Shoppers beware: 'eco' cleaning products could leave you 'greenwashed'

SHOPPERS are being "greenwashed" into buying products with misleading environmentally friendly messages on them, a consumer watchdog says.

A survey of 14 "eco" laundry tablets, toilet cleaners and nappies found almost half made claims the firms did not support with convincing evidence.

Scientists commissioned by the magazine Which? said toilet cleaners all made at least one green claim that was not proven by the manufacturers.

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Tesco Naturally says it contains no phosphates and leaves no hazardous chemical residues. But neither do regular cleaners.

Sainsbury's Cleanhome is said to be "kinder to the environment and biodegradable" but there was no convincing evidence to show it had a different impact on aquatic life from the market leader, despite the independently assured EU Ecolabel.

The scientists also had reservations about Green Force's claim "formulated to limit the impact on the environment" and were unconvinced by Ecover's ecological qualities.

Ariel and Persil have logos on their laundry tablets suggesting they encourage greener behaviour, but the experts said these benefits were not clear.

Ecover's tablets do not contain chemicals such as optical brighteners, which it says are not easily biodegradable, although there was no convincing evidence to show chemicals found in rival brands would have any worse impact on aquatic life.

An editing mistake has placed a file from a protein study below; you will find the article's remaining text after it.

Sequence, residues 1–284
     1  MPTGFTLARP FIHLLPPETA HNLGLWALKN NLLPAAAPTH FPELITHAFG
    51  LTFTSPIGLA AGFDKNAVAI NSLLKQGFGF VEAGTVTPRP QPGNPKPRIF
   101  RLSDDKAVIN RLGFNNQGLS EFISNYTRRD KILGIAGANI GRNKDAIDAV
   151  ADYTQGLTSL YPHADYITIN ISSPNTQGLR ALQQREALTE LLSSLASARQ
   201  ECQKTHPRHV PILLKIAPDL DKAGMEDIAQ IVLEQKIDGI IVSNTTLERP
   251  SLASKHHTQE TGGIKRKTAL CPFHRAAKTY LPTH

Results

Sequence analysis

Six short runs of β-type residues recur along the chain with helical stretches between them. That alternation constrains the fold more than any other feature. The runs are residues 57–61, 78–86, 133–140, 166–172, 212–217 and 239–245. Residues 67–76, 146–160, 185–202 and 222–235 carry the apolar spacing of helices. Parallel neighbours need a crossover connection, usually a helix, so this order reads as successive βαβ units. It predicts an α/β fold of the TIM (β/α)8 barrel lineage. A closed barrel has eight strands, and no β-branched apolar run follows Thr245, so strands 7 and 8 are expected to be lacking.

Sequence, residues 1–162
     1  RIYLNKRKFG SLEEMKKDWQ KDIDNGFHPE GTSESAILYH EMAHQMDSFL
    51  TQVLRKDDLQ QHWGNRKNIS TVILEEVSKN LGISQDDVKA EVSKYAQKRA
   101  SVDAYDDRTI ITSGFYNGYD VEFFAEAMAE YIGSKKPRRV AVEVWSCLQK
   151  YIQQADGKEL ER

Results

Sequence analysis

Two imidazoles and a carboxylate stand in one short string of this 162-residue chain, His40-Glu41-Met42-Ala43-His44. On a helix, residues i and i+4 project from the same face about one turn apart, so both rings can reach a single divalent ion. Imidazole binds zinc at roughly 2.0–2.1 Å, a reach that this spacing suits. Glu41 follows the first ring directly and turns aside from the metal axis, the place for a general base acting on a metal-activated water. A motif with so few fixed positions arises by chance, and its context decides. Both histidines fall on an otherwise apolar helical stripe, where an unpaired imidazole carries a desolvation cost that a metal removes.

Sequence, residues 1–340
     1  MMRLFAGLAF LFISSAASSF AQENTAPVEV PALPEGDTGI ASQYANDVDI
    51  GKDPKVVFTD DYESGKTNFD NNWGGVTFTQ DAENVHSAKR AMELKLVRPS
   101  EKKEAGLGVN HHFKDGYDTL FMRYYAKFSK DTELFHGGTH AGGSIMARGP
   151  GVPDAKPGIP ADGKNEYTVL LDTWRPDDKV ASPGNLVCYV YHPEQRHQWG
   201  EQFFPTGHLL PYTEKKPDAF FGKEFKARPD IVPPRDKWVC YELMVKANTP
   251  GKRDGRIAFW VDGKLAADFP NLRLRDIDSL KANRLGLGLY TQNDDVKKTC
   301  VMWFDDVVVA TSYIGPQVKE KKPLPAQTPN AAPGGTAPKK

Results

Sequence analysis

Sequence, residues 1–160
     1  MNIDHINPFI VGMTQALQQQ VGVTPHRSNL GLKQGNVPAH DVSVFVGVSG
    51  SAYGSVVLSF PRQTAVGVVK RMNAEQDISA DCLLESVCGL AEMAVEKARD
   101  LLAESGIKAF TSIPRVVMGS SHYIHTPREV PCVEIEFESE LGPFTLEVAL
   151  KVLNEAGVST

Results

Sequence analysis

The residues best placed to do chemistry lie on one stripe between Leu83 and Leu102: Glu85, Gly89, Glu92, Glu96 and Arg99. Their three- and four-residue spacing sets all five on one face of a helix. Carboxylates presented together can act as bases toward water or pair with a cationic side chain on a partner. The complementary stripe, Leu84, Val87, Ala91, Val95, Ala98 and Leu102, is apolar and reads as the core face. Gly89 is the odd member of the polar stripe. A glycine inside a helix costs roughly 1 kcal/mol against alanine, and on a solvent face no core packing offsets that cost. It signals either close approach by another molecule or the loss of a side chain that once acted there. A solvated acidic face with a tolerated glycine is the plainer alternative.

And although environmental claims on six nappy and eco-wipe products stood up, some were vague and made it harder for shoppers to differentiate between products.

John Twitchen, of green communications agency Sauce Consultancy, said: "Products targeting green consumers have a responsibility to be clear and unambiguous. While claims may be scientifically proven, the evidence has to be accessible to the average consumer."

Which? editor Martyn Hocking added: "When companies make clear green claims, it helps consumers make eco-choices with confidence. But our experts concluded many companies did not provide enough evidence to back up their claims."

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Tesco said it had now removed the phosphate claim from its toilet cleaner but added that in the case of accidental contact, citric acid and naturally derived detergents were "much kinder to the skin".

Sainsbury's said: "The Ecolabel scheme is an independent initiative endorsed by Defra and the EU. This gives our customers credible independent assurance of environmental credentials."